Journalism

journalism

By Mark Guarino

The 25th anniversary edition of Michael Jackson’s “Thriller” (Epic) features a new cover: Instead of the iconic shot of a demure 24-year-old Jackson lounging in white, the new cover borrows an image from the famous MTV video: A posse of hideous zombies surround Jackson who stands, poker-faced, cloaked in his signature zipper-and-glitter red jacket.

Zombifying may not be an actual word but it approximates what happened since this album — a Grammy blockbuster, cultural touchstone and sentimental favorite — arrived in November 1982. Besides the physical disintegration of the singer in question, the music of “Thriller” sounds like it came from a world as far removed from today as Mars. While many agree that “Off the Wall” (Epic), Jackson’s funkier album that preceded “Thriller” may be a better listen for the dance floor, there is no doubt that the album that transitioned the boy phenomenon into a global icon made the world swoon because of qualities hip-hop has never been good at: Innocence without irony, darkness without despair, sweetness without saccharine. And there’s even a Beatle to boot.

“Thriller” is the last great pop album before hip-hop showed up to eventually dismantle and later regulate the mainstream. It remains a timeless source of nostalgia, even for people who weren’t even born when it was released, not just because it spawned seven Top Ten singles and all those videos, but also because it was the ultimate crossover album with an open invitation to everybody. A decade before someone had to coin the phrase “alternative music” to suggest that not everyone was listening to the same radio station, it seems sort of quaint that there was once a time where a single album could thread so many worlds that today have become so disparate: R&B, pop, rock, glitterball disco, funk. These days, when rappers stock their albums with superstar cameos, it has the feel of a marketing campaign; On “Thriller,” the quixotic cast of studio personnel — Eddie Van Halen, James Ingram, Paul McCartney, Quincy Jones as well as L.A. studio aces Jeff Porcaro, Dean Parks, David Foster, Greg Phillinganes and Paulinho Da Costa — is organically tied together, with egos famously left at the door.

The remixes on this newly released reissue illustrate how removed we are from that cooperative era. New generation stars are solicited to revive key hits but what they do is set them back by their ailing narcissism. By revamping “The Girl Is Mine” with a brusque rhythm track and replacing McCartney’s vocals with his own, Will.i.am strips the original of its playfulness while Kanye West engulfs “Billie Jean” with strings and wordless grunts.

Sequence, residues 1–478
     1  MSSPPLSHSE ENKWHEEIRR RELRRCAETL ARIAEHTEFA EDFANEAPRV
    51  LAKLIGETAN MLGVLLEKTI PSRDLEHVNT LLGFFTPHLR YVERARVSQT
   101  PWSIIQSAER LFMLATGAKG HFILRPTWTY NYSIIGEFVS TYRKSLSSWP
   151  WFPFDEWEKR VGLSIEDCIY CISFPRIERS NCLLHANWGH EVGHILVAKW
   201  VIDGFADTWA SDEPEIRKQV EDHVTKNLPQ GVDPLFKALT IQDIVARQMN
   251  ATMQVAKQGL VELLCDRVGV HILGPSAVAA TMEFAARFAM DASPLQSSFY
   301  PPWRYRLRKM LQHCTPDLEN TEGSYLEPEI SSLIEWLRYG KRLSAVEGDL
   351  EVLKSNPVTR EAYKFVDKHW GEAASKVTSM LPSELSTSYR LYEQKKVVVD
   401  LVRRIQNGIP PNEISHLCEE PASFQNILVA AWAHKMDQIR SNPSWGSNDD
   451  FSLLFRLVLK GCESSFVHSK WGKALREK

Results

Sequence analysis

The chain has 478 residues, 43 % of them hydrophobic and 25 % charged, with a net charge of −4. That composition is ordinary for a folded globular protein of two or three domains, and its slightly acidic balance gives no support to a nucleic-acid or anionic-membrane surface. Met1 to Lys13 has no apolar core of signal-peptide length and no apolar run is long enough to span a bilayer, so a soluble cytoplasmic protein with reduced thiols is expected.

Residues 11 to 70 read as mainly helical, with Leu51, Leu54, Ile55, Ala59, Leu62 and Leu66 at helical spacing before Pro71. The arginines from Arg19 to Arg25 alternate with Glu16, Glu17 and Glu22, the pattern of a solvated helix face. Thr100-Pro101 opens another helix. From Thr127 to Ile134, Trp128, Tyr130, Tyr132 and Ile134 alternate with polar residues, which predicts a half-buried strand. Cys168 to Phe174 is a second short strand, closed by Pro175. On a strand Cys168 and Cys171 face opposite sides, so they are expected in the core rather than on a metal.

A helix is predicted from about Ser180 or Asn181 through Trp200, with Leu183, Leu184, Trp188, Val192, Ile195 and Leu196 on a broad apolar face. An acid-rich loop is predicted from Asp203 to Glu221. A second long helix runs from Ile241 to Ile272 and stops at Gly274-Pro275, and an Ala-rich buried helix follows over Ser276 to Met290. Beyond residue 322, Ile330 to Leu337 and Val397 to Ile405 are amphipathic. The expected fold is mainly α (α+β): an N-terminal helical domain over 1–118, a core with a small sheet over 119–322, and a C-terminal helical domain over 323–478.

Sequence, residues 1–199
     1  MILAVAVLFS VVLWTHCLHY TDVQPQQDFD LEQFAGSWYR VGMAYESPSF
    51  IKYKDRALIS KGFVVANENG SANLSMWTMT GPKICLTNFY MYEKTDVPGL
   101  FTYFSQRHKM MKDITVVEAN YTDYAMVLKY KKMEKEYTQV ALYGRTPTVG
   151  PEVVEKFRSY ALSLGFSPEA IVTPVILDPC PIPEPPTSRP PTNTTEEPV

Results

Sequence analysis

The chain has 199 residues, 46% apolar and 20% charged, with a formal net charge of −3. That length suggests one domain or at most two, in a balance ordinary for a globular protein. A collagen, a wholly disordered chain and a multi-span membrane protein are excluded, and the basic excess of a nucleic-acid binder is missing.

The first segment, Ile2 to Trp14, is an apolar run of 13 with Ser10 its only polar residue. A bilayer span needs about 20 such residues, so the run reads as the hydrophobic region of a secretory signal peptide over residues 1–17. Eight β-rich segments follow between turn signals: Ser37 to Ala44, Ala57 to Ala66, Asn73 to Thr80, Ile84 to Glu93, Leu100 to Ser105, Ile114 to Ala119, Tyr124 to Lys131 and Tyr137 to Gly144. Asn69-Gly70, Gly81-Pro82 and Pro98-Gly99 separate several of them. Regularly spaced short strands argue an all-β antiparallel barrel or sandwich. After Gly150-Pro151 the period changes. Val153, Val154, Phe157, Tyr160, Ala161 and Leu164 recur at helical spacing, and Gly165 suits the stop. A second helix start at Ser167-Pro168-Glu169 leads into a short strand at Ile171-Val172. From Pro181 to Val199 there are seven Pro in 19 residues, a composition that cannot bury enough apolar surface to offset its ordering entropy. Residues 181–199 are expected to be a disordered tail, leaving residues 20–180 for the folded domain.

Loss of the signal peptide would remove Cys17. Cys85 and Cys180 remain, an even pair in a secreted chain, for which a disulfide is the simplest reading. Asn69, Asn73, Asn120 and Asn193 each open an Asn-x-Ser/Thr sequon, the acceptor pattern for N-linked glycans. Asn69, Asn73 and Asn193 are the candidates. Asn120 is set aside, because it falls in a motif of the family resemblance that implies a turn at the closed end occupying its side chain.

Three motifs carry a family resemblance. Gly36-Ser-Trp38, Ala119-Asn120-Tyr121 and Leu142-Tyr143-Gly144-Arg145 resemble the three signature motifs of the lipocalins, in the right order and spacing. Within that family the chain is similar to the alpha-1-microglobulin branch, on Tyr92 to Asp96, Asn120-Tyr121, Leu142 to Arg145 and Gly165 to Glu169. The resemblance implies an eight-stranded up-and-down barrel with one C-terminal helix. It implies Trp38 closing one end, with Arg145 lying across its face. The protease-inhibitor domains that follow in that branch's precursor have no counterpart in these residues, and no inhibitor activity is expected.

And “Beat It” re-imagined as a duet with botox shrieker Fergie? One wonders if Jackson is that desperate for commercial relevancy or just that out of touch.

“Thriller” did not need digital beats or harsh rewrites. What continues to make the music edgy is the combination of Jackson’s vocals and the drama of Quincy Jones arranging. Despite the pop ballads, the music has a disturbing undercurrent. Jackson’s lyrics are paranoid, his singing red hot with anger. Even in the most vulnerable moments, his vocal tears show deep wounds. These natural gifts are even more potent combined with the violent dance choreography displayed on the famous videos — in this reissue on an accompanied DVD— as the endless fills of frenetic high kicks and dramatic floor glides are presented less as a celebration and more for their nervous ticks.

Even though he was compared to the carefree talents of Gene Kelly and Fred Astaire of a different era, Jackson was more complex. He was a child star when Vietnam was on television and segregation at his front door; who grew up in an impoverished steel town he escaped by tapping into his natural gifts, led by people who knew what was better than him than he did. Although the world would witness the consequences years later, “Thriller” presents a star transforming troubling anxieties into pop art.

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